The Catholic Church understands the real, objective presence of Christ as coming about by the replacement of the substance of the bread and wine with the substance of the body and blood of Jesus Christ, with no change in the accidental properties of the bread and wine—such as its appearances, color, and shape; the change in substance is known as transubstantiation.

The Catholic Church also holds that the presence of Christ in the Eucharist is entire: it does not see what is really in the Eucharist as a lifeless corpse and mere blood, but as the whole Christ, body and blood, soul and divinity; nor does it see the persisting outward appearances of bread and wine and their properties (such as weight and nutritional value) as a mere illusion, but objectively existing as before and unchanged.

It is for this reason that Saint Ann Catholic Church offers the reception of the holy Eucharist by kneeling (and receiving on the tongue). For those not inclined, standing, with a reverent bow, and receiving on the tongue or in the hand is also acceptable.


CCC1322 The holy Eucharist completes Christian initiation. Those who have been raised to the dignity of the royal priesthood by Baptism and configured more deeply to Christ by Confirmation participate with the whole community in the Lord's own sacrifice by means of the Eucharist.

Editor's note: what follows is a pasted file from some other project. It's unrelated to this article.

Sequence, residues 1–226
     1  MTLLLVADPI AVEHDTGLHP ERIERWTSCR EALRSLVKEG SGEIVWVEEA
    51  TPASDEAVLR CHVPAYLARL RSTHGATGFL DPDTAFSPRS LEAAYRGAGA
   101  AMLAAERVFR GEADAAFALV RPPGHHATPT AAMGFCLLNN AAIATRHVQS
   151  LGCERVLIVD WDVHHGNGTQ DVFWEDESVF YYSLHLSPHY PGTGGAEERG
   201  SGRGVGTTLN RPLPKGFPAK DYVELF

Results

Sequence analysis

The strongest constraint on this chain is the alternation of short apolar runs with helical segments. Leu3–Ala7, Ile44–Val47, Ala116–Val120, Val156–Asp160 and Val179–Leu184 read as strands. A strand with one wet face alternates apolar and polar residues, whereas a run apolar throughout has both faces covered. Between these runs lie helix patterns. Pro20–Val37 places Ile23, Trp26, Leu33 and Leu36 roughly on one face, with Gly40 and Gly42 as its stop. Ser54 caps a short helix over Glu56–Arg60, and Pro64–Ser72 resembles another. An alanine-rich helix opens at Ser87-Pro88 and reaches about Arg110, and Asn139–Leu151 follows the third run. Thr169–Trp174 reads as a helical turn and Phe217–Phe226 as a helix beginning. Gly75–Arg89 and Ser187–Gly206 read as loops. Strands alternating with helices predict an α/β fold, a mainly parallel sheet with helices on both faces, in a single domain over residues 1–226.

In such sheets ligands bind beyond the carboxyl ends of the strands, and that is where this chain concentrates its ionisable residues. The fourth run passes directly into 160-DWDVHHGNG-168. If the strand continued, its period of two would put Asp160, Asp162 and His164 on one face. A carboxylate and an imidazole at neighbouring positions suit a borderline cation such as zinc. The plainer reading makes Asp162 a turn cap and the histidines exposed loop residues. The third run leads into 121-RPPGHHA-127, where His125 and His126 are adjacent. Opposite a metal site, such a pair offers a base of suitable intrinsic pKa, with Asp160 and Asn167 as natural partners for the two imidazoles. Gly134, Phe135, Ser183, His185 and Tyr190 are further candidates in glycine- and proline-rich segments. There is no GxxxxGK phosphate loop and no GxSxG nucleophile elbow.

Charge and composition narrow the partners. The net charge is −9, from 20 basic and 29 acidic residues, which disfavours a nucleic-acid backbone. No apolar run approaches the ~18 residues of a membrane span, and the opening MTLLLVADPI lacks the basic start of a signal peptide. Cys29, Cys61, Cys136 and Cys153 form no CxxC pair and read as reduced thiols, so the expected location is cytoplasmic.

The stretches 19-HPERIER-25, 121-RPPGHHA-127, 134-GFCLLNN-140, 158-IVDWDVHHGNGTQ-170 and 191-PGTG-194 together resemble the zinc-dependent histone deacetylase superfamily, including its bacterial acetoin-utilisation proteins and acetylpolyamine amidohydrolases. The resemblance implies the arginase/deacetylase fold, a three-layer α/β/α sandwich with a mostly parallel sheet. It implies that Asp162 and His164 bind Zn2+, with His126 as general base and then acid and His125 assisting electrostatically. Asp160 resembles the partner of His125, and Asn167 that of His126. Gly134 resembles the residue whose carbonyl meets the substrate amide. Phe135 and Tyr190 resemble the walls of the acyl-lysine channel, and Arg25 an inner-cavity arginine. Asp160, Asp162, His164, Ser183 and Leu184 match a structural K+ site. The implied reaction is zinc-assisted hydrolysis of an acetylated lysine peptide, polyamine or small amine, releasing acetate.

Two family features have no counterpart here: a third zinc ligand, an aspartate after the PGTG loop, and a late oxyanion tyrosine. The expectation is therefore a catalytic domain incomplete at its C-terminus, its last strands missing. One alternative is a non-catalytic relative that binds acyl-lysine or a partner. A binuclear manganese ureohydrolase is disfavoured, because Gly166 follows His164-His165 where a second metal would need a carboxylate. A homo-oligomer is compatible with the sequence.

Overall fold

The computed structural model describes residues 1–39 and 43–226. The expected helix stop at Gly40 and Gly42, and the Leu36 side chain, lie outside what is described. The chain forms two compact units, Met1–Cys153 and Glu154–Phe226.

CCC1323 "At the Last Supper, on the night he was betrayed, our Savior instituted the Eucharistic sacrifice of his Body and Blood. This he did in order to perpetuate the sacrifice of the cross throughout the ages until he should come again, and so to entrust to his beloved Spouse, the Church, a memorial of his death and resurrection: a sacrament of love, a sign of unity, a bond of charity, a Paschal banquet 'in which Christ is consumed, the mind is filled with grace, and a pledge of future glory is given to us.' 

An extensive account of the teaching of the Catholic Church on the Eucharist is given in the Cathechism of the Catholic Church.


First Communion

Traditionally this Sacrament is received at the end of the 2nd Grade.  In ordinary circumstances, children are admitted to sacramental preparation for First Holy Communion after a period of at least a year of catechetical preparation through the parish religious education program or Catholic school.

Children are to have a clear understanding of the traditional Catholic Prayers, The Mass, and the signs and symbols of the Eucharist.

By their example, parents are to share with their children the importance of the Mass and the Eucharist in their lives.

Parents are to assist in the preparation by reviewing your son or daughter's readiness and understanding of the sacrament.  Through the process of preparation, a baptized child is to receive First Holy Communion based upon the following criteria of readiness:

  1. A willingness to receive Communion.
  2. Ability to participate in the liturgy, according to age and circumstances.
  3. Awareness of the love of God in Jesus.
  4. Awareness of membership in the Catholic community.
  5. Ability to distinguish between ordinary bread and the Eucharist, the Sacred Body and Blood of our Lord Jesus Christ.

A copy of the Baptismal Certificate of the child receiving First Communion is needed for the parish records.

For further information, contact Tiffany Haller at or 570.322.5935.